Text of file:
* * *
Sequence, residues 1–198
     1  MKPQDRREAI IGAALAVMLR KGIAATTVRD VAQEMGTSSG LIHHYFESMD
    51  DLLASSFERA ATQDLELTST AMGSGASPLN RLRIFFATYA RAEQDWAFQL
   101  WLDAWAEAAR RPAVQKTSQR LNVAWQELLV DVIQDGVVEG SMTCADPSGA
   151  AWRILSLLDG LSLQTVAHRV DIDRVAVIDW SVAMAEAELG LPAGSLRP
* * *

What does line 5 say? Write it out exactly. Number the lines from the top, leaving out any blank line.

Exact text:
   151  AWRILSLLDG LSLQTVAHRV DIDRVAVIDW SVAMAEAELG LPAGSLRP